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Blu-ray Review: Bumblebee

April 2, 2019

By John Corrado

★★★ (out of 4)

A prequel to Michael Bay’s five film strong Transformers franchise, Bumblebee takes what the other films did and generally does the opposite, offering an enjoyable movie that is just as focused on telling a character-driven story with real heart as it is on delivering gigantic action scenes.

The film opens in typical Transformers fashion with a big battle on the planet Cybertron between the Autobots and Decepticons, that culminates with Optimus Prime (Peter Cullen) sending the young Autobot B-127 (Dylan O’Brien) to Earth in order to scout out a new home for them.

B-127 crash lands in California in the year 1987, where he is discovered by Sector 7 Agent Jack Burns (John Cena), who assumes him to be a threat. When the Autobot narrowly escapes from a fight with a Decepticon, who followed him to our planet and rips out his voice box before leaving him for dead, he disguises himself as a bright yellow Volkswagen Beetle and takes refuge in a junkyard behind an auto shop.

At this point, the focus shifts almost completely to our planet, and we start to follow Charlie Watson (Hailee Steinfeld), a teenage girl who is still grieving the death of her father, and spends her spare time trying to fix up the old Corvette that her dad was working on before he passed away. When Charlie finds the Volkswagen Beetle on her 18th birthday, she takes the car home to her garage to fix it up.

It’s not long before she discovers that her new automobile is actually a giant robot from outer space, and she ends up forming a bond with the Autobot, giving him the name Bumblebee. But he is being tracked by a pair of Decepticons, Shatter (Angela Bassett) and Dropkick (Justin Theroux), who followed him to Earth and have tricked the government into helping them, and it’s up to Charlie and her new friend Memo (Jorge Lendeborg Jr.) to help save him.

A surprising amount of Bumblebee is actually focused on the human characters, and the film is carried pretty much every step of the way by Steinfeld, who really elevates the material and also brings a good deal of pathos to her portrayal of Charlie. The film is directed by Travis Knight, a lead animator at Laika who previously directed Kubo and the Two Strings and is now making the jump from stop motion to live action, and Bumblebee works because Knight is more concerned with telling a heartfelt story rather than just delivering empty spectacle.

Don’t get me wrong, there is still a lot of spectacle here, and the usual technical wizardry that goes into showing the Transformers taking different forms is on full display. But the screen isn’t overloaded with robot mayhem this time around, with Knight generally limiting the battles to two or three Transformers at a time, which makes the action scenes here way cleaner and easier to follow than they were in Bay’s overcrowded films.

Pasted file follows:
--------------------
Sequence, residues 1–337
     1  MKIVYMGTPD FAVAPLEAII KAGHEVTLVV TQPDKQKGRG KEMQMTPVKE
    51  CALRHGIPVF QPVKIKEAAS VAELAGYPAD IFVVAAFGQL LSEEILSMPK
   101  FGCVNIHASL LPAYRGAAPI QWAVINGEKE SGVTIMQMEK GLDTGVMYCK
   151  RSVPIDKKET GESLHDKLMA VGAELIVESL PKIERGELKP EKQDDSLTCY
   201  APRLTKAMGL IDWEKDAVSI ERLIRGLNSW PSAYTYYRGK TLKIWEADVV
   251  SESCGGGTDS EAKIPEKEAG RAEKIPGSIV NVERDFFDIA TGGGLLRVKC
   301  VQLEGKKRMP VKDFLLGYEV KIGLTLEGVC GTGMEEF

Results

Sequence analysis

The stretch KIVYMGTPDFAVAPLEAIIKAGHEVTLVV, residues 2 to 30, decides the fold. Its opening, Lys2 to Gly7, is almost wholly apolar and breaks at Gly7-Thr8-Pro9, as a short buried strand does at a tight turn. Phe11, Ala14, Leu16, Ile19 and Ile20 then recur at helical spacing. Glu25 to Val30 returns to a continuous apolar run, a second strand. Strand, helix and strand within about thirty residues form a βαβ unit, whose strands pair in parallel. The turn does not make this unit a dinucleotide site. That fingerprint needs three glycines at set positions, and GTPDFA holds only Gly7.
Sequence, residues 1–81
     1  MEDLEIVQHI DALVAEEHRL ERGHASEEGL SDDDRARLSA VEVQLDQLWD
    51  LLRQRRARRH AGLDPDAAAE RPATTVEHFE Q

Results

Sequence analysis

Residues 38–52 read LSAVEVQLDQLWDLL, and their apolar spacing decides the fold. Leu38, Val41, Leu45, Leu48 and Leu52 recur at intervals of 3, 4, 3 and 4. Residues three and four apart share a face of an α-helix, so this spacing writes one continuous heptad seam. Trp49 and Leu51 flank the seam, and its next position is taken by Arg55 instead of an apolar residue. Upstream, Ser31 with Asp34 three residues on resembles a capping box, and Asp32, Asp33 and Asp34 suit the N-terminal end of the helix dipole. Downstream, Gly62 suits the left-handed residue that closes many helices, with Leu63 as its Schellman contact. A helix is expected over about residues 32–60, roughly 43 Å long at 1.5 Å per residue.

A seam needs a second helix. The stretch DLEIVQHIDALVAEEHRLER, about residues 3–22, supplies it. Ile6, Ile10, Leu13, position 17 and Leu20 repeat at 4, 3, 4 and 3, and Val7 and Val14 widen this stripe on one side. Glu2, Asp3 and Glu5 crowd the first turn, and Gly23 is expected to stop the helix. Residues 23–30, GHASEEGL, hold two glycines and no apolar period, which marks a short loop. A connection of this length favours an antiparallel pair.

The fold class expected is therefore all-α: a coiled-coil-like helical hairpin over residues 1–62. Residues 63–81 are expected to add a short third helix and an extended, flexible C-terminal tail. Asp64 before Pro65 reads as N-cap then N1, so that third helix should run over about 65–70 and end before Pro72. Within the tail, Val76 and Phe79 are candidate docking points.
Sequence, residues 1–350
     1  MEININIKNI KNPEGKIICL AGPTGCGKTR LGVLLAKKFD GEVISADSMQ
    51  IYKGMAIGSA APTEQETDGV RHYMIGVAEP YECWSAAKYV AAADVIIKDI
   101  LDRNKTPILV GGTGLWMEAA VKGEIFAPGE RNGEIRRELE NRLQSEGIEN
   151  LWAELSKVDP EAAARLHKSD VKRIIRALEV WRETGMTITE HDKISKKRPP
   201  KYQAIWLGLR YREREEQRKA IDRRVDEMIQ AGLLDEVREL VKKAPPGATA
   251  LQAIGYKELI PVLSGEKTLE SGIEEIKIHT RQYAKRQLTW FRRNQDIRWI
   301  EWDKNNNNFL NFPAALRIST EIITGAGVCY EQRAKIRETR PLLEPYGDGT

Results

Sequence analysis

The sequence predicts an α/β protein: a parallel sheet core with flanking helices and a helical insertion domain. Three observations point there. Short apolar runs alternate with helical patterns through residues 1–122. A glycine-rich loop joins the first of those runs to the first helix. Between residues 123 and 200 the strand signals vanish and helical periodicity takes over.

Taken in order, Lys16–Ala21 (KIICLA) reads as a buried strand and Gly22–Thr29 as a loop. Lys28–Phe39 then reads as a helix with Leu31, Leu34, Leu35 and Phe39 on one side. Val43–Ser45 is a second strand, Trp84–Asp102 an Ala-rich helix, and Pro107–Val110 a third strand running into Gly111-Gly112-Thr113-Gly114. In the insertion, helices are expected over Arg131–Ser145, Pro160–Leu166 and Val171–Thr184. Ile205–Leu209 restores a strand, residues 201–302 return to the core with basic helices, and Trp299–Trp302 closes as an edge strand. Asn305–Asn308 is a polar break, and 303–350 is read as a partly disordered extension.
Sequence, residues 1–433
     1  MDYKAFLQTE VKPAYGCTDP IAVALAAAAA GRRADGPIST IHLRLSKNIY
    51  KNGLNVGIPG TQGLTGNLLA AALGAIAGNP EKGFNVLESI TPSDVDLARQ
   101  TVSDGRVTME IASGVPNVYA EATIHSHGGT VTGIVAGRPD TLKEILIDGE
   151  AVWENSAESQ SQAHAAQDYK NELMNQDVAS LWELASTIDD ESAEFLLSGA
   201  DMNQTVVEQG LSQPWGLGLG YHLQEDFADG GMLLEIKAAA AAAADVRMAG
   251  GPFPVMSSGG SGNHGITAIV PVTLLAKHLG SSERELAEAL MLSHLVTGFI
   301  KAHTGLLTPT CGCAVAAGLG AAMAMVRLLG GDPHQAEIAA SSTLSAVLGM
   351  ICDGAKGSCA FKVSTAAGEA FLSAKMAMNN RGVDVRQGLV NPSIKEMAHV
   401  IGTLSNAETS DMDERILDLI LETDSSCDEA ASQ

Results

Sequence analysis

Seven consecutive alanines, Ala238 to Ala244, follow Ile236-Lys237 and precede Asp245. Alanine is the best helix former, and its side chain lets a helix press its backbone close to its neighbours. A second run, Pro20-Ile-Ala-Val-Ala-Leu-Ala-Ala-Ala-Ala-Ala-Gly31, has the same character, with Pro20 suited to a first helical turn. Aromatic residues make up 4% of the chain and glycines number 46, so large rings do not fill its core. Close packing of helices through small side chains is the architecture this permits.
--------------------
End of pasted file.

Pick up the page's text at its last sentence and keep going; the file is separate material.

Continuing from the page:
The film mainly functions as a coming of age adventure that offers a fun and sweetly nostalgic throwback to the decade in which it is set, complete with nods to titans of 1980s cinema like Steven Spielberg and John Hughes. There are obvious allusions to the former’s E.T. the Extra-Terrestrial and a nice reference to the latter’s teen classic The Breakfast Club, and while Bumblebee isn’t in the same league as these ’80s classics that it takes its cues from, it is a fun and deeply sincere throwback to them. Spielberg even serves as executive producer, as he did on the previous Transformers films.

Where as the other films became cacophonies of clanging metal, Bumblebee actually has real flesh and blood characters, a good deal of heart, and a story that is simple enough to follow yet still strong enough to be engaging, without getting too bogged down in the mythology of this world. The film also clocks in under two hours, which is a welcome change from the bloated running times of the other Transformers films. It’s the best film in the series by a long shot, and a thoroughly fun movie to watch.

The Blu-ray also includes an array of bonus features, adding up to well over an hour of extra stuff in total. First up are the two short pieces Agents Burns: Welcome to Sector 7, a brief introduction featuring John Cena’s character, and the animated motion comic Sector 7 Adventures: The Battle at Half Dome, which expands upon the physical comic that is tucked into the package’s cardboard slipcover.

Next up are the nine deleted and extended scenes Original Opening, Drive to Karate Class, Birthday Present, Car Wash and Beetle Breakdown, Charlie Drops Off Mona and Conan, Decepticons Inspect the Armory, Drive to Cliff, Sector 7, and Appliance War. There are some entertaining moments here, but they would have added extra length to the film’s lean running time, and the last one (Appliance War) is better left on the cutting room floor. They are followed by the five outtakes Burns Meets Bee, War Room, There’s a Door in My Way, Charlie in Trash, and Saved the World.

The short piece Bee Vision: The Transformers Robots of Cybertron shows the film’s opening battle with freeze frames to tell us which Transformers are involved in the action. Last but not least, we get the fairly substantial five part feature Bringing Bumblebee to the Big Screen, which is divided into the different chapters The Story of Bumblebee, The Stars Align, Bumblebee Goes Back to G1, Back to the Beetle, and California Cruisin’ Down Memory Lane, which mainly focuses on the film’s ’80s aesthetic and is the longest and best of the bunch.

Bumblebee is a Paramount Home Media Distribution release. It’s 113 minutes and rated PG.

Street Date: April 2nd, 2019

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